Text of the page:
be included in the first Annual Report [5.16.2]. Several specific improvements are called for,
although NRG was disappointed that the timeframe for putting them into place was spread
out over such a long period of time [5.16.9]. The University has publicly indicated that it is
willing to consider a more ambitious schedule for implementing important
bicycle/pedestrian facilities Council-Trustees Work Session 6.16.09:   
Neighborhood safeguards.
Residents living in close proximity to Carolina North expressed concern about a number of
important issues during the planning process. Key issues include:
• Traffic calming. The following roads have been identified as candidates for
traffic calming measures: Piney Mountain Road, Hillsborough Street, Seawell
School Road, North Elliott/Curtis/Caswell Roads, Northwoods Road, North
Lakeshore Drive, Barclay Road, and Airport Drive [5.8.15]. No traffic calming
measures will be implemented without prior input from area residents.
Implementation may be complicated for roads that are owned and maintained by
the NC Department of Transportation.
• Parking on neighborhood streets.  This issue is not addressed directly in the
Development Agreement, but the Town already has a process in place that
provides neighborhoods with the option to either adopt a parking permit program,
prohibit parking during certain hours of the day, or some combination of the two.
For more information, contact the Town of Chapel Hill Traffic Engineering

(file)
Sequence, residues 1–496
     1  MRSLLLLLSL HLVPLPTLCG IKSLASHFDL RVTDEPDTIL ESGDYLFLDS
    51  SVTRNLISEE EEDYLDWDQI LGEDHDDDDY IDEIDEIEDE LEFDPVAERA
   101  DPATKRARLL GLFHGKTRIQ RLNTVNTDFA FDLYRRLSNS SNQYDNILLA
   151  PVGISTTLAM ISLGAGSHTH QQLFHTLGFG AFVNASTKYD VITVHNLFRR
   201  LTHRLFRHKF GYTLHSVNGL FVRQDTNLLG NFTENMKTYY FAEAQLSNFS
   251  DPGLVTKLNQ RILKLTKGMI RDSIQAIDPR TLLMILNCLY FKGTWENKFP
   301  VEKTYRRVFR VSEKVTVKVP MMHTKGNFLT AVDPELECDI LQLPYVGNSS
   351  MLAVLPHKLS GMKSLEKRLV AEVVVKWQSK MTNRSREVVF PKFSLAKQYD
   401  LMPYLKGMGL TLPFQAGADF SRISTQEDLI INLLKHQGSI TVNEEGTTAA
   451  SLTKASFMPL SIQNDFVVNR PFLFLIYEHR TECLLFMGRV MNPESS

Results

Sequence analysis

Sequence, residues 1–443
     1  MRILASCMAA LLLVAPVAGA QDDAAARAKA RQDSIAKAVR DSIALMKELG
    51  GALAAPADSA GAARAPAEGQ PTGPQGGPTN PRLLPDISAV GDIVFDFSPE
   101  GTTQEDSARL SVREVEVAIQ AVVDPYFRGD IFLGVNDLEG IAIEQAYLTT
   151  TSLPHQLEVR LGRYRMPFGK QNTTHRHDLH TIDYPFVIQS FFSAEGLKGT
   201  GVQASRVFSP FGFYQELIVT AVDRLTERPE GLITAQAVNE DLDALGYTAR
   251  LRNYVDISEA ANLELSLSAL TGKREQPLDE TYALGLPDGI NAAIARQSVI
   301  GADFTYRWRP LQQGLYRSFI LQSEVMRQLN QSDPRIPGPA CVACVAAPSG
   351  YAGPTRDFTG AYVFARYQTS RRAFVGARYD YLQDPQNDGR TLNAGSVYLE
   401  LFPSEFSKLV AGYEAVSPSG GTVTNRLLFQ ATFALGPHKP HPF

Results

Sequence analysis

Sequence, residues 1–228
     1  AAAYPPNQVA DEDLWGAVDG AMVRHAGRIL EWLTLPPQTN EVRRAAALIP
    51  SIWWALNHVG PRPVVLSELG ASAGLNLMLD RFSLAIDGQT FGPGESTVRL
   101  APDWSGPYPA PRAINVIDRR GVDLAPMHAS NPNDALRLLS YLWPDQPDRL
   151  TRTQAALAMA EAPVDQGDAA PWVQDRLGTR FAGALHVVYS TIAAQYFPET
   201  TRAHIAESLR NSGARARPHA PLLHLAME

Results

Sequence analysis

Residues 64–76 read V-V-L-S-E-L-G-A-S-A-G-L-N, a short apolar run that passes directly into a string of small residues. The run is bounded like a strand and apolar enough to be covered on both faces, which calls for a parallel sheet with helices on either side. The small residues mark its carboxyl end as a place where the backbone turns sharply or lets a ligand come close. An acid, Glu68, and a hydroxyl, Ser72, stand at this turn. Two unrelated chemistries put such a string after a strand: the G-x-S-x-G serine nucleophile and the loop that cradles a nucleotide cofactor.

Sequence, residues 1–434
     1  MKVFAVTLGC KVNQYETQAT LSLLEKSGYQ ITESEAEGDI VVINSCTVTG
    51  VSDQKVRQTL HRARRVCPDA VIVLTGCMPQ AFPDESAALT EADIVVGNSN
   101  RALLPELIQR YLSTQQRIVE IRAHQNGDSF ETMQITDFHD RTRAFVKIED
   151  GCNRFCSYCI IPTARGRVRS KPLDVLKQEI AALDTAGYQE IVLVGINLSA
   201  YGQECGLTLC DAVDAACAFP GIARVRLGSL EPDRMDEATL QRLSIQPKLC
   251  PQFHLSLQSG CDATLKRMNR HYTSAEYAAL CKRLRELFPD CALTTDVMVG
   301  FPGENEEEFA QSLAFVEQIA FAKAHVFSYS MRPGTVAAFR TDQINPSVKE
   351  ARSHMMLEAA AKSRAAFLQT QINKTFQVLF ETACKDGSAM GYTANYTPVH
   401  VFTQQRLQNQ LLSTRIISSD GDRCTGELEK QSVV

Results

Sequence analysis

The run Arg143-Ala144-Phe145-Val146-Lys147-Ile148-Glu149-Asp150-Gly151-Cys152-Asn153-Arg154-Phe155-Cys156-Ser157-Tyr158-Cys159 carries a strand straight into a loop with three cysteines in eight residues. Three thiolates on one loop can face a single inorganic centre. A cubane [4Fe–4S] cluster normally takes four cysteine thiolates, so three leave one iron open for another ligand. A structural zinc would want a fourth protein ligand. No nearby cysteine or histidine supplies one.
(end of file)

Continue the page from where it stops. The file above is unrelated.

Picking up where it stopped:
• Noise impacts [5.24]. The Carolina North development will adhere to the Town
of Chapel Hill’s existing noise ordinance. The ordinance contains exemptions
(Sec. 11-40 of the ordinance) that allow for construction as late as 9pm on
weekdays and weekends. Neighborhood impacts will need to be monitored and
reconsidered as part of each site development permit application [Exhibit J.11]. 
• Light impacts [5.25].  Lighting design for Carolina North will be based on a “dark
skies” approach that minimizes glare, the height of light mounts, and spillover
onto properties adjacent to the Carolina North property. 
• Perimeter design improvements [5.23].  For construction along the borders of
the Carolina North property, the University will have to notify all property owners
within 1000 feet and conduct public meetings to discuss the potential impacts. 
Public Participation and Notification
Public participation and notification will be critical to ensuring that the impacts of Carolina
North on citizens and neighborhoods are minimized and effectively mitigated, especially
since so many important decisions are put off until later dates. NRG stressed the
importance of public participation throughout the process and recommended a resolution
during public hearings in the spring.
• Public participation plan. On the same night that it approved the Carolina North
Development Agreement the Town Council also passed a resolution that requires
the Town Manager to put together a comprehensive proposed plan on public
participation to be submitted to the Town Council in January of 2010 (Resolution
• Regular reviews. The Agreement calls for periodic assessments of the
effectiveness of the Agreement that include broad public participation [4.16]. The